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Enn Why See

So, and here’s the thing: Your Humble Blogger hearts New York. Well, Manhattan. I don’t know much about the rest of it. I don’t actually know much about Manhattan, either. About once a year or so, on average, I get the chance to spend a day, or at least a few hours, in Manhattan, and I walk around the streets thinking about how much I heart this city.

It’s just so— big. So much. So exhilirating, so energetic. The people-watching is so good here, mostly a result of the stigma against public transportation being inoperative for some reason. So everybody walks in Manhattan. The affluent, the impoverished, the aged, the youthful, the youthful aged, the prematurely wizened youth. Tourists and locals, and semi-locals who come in on the train five days a week, and even semi-er locals who have an apartment here and a house fifty miles away. And it’s all so much.

I don’t think it’s anything that is really, objectively, empirically true, but: the flashy young men are flashier, the swank women are swankier, the kooky people are kookier, the ugg boots are ugglier, the little old ladies are, well, they aren’t littler, and they aren’t older, and they aren’t more ladylike, but they are still, somehow, more little-old-lady than they are back home (or anywhere except Boston, where they still wear bombazine and carry umbrellas).

And the signs! You might thing that big, bright changing video signs are no longer a Times Square novelty. After all, there’s a video billboard off 84 in Hartford; not a big deal. But this is one of those cases where a difference in scale makes for a difference in kind. And then there’s the quantity. It’s so— much. And even though I am disappointed in how many neon letters are out in the various signs (I blame the snow) (and the Republican Party) (and I blame the Republican Party for the snow), the old-fashioned neon signs are still part of it, as are the humongous low-tech ads, and even the smaller signs with the names of the hotels and restaurants and theaters. When I am waiting for the light to change, I find myself so mesmerized by all there is to see, I forget to look out for the roundhead so I can cross with the light. Fortunately, I lived in Boston for ten years, so I can cross any damn street in the country against the light, but still.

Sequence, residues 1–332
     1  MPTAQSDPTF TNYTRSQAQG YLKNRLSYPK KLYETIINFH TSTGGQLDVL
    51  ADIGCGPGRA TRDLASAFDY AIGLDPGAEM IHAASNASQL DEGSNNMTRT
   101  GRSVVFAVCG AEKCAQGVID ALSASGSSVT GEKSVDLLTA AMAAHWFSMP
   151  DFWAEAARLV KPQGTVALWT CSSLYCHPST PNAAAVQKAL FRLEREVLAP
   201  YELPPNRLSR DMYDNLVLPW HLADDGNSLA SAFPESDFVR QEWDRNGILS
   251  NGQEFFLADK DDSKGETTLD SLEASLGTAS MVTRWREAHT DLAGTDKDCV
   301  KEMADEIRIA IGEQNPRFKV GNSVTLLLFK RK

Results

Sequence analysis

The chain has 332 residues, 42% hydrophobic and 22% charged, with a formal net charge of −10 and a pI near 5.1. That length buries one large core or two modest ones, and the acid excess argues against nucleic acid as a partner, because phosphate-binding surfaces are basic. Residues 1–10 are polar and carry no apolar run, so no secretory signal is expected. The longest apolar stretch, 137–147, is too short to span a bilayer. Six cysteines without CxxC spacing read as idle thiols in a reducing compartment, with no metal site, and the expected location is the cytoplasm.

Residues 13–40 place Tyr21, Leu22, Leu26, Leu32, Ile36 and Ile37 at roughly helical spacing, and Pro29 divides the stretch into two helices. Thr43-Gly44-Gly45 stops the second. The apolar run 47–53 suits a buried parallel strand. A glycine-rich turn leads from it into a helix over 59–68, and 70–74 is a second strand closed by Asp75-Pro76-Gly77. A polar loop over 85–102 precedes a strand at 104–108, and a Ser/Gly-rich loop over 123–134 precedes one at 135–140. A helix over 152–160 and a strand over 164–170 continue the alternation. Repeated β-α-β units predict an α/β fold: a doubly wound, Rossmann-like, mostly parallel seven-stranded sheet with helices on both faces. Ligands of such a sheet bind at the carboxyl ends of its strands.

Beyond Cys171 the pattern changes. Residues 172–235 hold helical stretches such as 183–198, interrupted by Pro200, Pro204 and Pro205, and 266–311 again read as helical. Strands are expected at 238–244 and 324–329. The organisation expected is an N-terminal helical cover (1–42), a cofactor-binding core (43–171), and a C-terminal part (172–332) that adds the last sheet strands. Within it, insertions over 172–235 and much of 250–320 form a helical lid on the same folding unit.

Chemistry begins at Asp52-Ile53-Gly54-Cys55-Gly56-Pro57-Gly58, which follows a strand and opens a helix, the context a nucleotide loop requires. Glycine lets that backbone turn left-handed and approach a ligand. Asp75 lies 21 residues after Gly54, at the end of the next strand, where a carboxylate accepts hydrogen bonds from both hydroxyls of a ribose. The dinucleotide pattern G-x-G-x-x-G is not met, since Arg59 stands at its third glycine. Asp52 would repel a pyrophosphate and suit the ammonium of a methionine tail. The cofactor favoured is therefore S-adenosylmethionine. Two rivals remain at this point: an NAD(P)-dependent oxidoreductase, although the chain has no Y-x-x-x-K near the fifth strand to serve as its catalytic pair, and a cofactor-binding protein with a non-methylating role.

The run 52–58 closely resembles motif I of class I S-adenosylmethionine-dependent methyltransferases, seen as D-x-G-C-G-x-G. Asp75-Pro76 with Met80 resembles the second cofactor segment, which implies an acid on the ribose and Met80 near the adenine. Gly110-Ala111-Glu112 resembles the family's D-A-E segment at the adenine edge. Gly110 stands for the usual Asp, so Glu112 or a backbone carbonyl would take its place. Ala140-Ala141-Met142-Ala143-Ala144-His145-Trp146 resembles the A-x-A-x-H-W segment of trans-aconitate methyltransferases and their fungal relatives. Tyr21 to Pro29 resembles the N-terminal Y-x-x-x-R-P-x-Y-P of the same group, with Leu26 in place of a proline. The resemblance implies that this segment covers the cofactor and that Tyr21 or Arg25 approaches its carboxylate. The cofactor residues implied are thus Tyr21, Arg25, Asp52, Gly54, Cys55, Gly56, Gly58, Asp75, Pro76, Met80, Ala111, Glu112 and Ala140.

Mostly, though, it’s that YHB totally buys in to the whole romance of New York City. I don’t even enjoy it ironically. Yesterday I looked up at the sign and saw that I was on Fifty-Second Street, where love beckoned to Ethel Merman in Du Barry was a Lady, and there was 21, where the couples clamor for more. And it was great. I mean, I’m not enough of a sucker to go in and pay fifteen bucks for an old-fashioned, but YHB was grinning like a proverbial. Herald Square, Park Avenue, Fifth Avenue, 42nd St—in the Word-O-Rama category of Famous Streets, are half the streets that anybody enters from this island? And here I am, in the city that never sleeps. Fiorello’s city, where the Bronx is up and the Battery’s down, where the Guys and the Dolls eat at Mindy’s (I had lunch at Lindy’s yesterday, had the cheesecake), dancing down the street in Brendan Behan’s footsteps.

Tolerabimus quod tolerare debemus,